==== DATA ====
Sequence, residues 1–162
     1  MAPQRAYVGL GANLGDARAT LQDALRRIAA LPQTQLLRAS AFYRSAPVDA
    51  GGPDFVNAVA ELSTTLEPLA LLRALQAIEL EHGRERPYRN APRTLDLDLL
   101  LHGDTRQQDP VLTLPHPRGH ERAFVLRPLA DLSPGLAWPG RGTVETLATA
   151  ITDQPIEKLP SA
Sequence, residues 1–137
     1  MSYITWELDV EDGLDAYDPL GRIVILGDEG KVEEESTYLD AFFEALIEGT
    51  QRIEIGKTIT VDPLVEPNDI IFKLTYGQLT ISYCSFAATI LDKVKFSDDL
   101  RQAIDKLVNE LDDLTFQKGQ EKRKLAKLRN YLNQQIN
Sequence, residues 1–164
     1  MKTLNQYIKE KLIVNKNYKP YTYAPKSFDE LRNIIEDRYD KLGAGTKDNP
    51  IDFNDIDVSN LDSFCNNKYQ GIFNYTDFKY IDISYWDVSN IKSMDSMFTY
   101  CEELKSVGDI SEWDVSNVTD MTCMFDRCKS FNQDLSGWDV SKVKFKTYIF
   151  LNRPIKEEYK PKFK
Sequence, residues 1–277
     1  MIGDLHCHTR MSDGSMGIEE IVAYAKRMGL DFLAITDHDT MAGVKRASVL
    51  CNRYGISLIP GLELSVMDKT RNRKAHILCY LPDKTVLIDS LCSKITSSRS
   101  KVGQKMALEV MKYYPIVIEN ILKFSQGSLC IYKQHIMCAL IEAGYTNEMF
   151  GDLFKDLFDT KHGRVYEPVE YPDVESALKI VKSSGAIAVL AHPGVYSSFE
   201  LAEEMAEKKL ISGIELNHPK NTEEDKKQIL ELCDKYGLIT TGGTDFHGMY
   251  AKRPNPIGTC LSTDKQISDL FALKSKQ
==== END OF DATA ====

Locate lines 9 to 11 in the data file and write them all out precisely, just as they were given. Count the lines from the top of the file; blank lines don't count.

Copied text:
   101  RQAIDKLVNE LDDLTFQKGQ EKRKLAKLRN YLNQQIN
Sequence, residues 1–164
     1  MKTLNQYIKE KLIVNKNYKP YTYAPKSFDE LRNIIEDRYD KLGAGTKDNP